“Your visit is truly significant. It builds on the very special character of Vietnam-U.S. relations. You are the first U.S. president to visit Vietnam,” said Vietnamese President Võ Văn Thưởng to Joe Biden, his American counterpart, in the Presidential Palace’s iconic Yellow Room in Hanoi. “This is truly a new page in the relationship between our two countries — an enduring, stable long-term framework that opens up a vast space for further development of the bond between us for decades to follow,” the Vietnamese leader added, referring to the new Comprehensive Strategic Partnership (CSP) deal between the two former nemesis. The signing of the CSP effectively placed Washington at par with Hanoi’s historical ally, Moscow, as well as with the Southeast Asian nation’s fellow communist regime in Beijing, which played a crucial role in the birth of contemporary Vietnam. The remarkable shift in U.S.-Vietnam relations is an upshot of the spectacular explosion in bilateral trade and investments over the past decade. Last year, trade reached US$139 billion, placing Vietnam ahead of the United Kingdom among America’s top trading partners.
With the steady normalization of bilateral ties, especially after the signing of a more modest strategic partnership deal a decade earlier, the two sides have also explored defense and maritime security cooperation. The signing of the CSP, therefore, marked a logical conclusion to a decade-long mutual strategic courtship. While Vietnam has assiduously diversified both its export markets and strategic partnerships, the U.S. has been intent on winning over Asia’s new rising power. Following the signing of their new pact, the two sides described each other as “critical partners” in a “critical time”, reflecting a profound convergence in the two countries’ strategic outlook. “I don’t want to contain China,” declared Biden during his historic visit to Hanoi. “We’re not trying to hurt China,” he added, emphasizing his determination and commitment to “getting [America’s] relationship right” with China.
The reality, however, is that the American leaders’ visit to Vietnam, and the signing of the new strategic agreement, had almost everything to do with the Asian superpower. While Hanoi is worried about the trajectory of its maritime disputes with Beijing, the U.S. is eager on recruiting new partners for its ‘integrated deterrence’ strategy against China. In a joint statement between Vietnamese communist party chief Nguyen Phu Trong and Biden, the two sides “underscored [our] unwavering support for the peaceful resolution of [South China Sea] disputes in accordance with international law, without the threat or use of force,” a clear reference to perceived threats from an increasingly assertive China, which now boasts the world’s largest naval fleet. Biden and the Vietnamese paramount leader underscored their shared commitment to “freedom of navigation and overflight and unimpeded lawful commerce in the South China Sea,” thus implicitly accusing Beijing of seeking to dominate one of the world’s most important waterways.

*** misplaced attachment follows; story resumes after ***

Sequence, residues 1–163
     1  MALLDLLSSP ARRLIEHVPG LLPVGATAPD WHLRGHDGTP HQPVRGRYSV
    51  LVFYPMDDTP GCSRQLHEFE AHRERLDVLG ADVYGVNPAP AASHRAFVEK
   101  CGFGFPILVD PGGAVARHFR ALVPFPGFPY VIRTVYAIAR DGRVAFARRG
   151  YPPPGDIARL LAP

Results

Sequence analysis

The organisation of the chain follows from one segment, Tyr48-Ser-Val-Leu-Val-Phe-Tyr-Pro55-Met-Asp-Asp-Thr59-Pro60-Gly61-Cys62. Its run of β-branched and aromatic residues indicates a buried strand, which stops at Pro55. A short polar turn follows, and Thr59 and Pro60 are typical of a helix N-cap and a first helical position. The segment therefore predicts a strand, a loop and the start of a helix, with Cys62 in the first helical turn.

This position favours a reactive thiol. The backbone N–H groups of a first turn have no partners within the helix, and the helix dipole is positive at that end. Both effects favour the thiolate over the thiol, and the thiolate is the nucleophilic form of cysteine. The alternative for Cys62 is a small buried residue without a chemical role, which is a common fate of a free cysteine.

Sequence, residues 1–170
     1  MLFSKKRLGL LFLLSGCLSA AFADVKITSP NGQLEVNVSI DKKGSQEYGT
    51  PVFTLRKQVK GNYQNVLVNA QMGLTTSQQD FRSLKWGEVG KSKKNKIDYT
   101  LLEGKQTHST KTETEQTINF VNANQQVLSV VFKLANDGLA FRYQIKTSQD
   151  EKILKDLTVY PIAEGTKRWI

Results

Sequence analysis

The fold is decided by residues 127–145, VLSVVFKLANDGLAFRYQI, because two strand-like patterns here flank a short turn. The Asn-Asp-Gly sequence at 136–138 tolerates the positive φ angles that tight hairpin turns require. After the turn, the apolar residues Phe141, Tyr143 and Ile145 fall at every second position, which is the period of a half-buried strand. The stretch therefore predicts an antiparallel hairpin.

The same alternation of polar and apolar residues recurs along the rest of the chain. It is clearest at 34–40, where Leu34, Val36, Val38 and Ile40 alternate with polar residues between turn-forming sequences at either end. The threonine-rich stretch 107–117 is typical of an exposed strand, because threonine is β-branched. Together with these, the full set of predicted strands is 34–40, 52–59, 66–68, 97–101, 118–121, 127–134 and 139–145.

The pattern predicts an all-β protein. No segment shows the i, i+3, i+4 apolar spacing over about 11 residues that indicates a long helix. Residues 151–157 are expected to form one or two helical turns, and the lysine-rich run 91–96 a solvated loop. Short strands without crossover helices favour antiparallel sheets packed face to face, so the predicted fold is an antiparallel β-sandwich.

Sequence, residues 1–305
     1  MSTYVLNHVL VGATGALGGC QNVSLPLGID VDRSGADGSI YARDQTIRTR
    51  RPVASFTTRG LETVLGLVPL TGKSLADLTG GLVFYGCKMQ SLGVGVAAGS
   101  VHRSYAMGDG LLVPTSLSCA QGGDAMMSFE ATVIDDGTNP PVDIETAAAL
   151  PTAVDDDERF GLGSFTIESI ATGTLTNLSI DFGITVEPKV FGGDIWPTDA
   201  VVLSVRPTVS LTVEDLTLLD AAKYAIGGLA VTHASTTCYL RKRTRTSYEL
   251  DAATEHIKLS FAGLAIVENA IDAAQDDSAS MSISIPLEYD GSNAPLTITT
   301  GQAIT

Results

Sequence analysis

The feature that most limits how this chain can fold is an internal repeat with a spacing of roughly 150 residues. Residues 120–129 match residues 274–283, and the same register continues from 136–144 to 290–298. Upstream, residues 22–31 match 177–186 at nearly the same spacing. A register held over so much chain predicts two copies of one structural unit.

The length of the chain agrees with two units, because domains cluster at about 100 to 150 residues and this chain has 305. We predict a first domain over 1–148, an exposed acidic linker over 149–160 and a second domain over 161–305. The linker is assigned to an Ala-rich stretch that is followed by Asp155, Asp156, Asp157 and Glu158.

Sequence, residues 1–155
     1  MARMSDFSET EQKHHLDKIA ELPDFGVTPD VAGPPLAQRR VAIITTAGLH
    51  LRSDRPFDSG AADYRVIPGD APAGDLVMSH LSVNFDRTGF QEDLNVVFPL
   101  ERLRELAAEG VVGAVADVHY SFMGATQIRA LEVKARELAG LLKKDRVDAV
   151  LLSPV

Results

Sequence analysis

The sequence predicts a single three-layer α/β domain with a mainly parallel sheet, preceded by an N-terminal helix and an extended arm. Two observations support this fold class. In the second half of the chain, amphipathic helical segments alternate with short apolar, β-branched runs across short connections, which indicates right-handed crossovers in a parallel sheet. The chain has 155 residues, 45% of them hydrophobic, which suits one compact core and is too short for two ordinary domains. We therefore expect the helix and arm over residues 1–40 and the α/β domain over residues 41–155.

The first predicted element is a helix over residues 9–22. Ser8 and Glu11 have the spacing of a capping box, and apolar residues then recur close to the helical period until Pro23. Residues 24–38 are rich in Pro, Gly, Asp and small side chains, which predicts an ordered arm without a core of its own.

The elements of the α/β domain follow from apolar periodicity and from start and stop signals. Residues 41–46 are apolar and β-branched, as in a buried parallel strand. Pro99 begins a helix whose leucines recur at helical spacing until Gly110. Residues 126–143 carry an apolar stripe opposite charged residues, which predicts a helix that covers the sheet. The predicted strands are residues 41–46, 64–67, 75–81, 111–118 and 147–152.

During the trip, the U.S. reportedly offered major weapons systems, including modern fighter jets, to Vietnam. As if that weren’t enough, Biden’s visit to Hanoi coincided with a gathering of top executives of major American tech companies. With the West seeking to ‘de-risk’ from China, Vietnam has rapidly emerged as an alternative manufacturing hub, including for increasingly high-end semiconductors and other next-generation technologies. Upon closer examination, however, it’s clear that the Southeast Asian nation is not interested in aligning with the West against China but instead deftly exploiting great power rivalries to strengthen the foundations of its own national power. While secretly negotiating major defense deals with Russia, Vietnam has also assiduously courted China’s goodwill through proactive party-to-party diplomacy as a fellow communist nation.
Dancing with Empires
Perhaps no nation on earth has had as much experience with — and lots of success in — dealing with empires throughout history. Although the origins of contemporary Vietnam can be traced back to so-called “Vietic” peoples emerging in the 1st millennium BCE, with the Red River Delta serving as the cradle of Vietnam’s civilization, interactions with a much larger empire to the north have been extremely crucial to the evolution and crystallization of the Southeast Asian nation.  In the words of one historian, “[Imperial] China had for centuries served as a political, cultural, linguistic model for Vietnam. Indeed, for large stretches of its history, parts of Vietnam had been directly ruled by China; the rest of the country, lying beyond direct Chinese sovereignty, Chinese emperors traditionally regarded as ‘ours’.”
Beginning in the second century A.D., China’s Han Dynasty extended its southern imperial perimeters as far as Huế in central Vietnam. The Chinese Tang Dynasty, meanwhile, established the Protectorate of An Nam (Pacified South) to consolidate its control over large parts of northern Vietnam. The upshot, according to a leading Southeast Asia expert, was the establishment of a “new class of local rulers, whose origins, official positions, and education linked them to China.” A partial imperial retreat under China’s north-oriented Song Dynasty, however, provided a golden opportunity for Vietnam to develop its own national identity and distinct state institutions about a thousand years ago.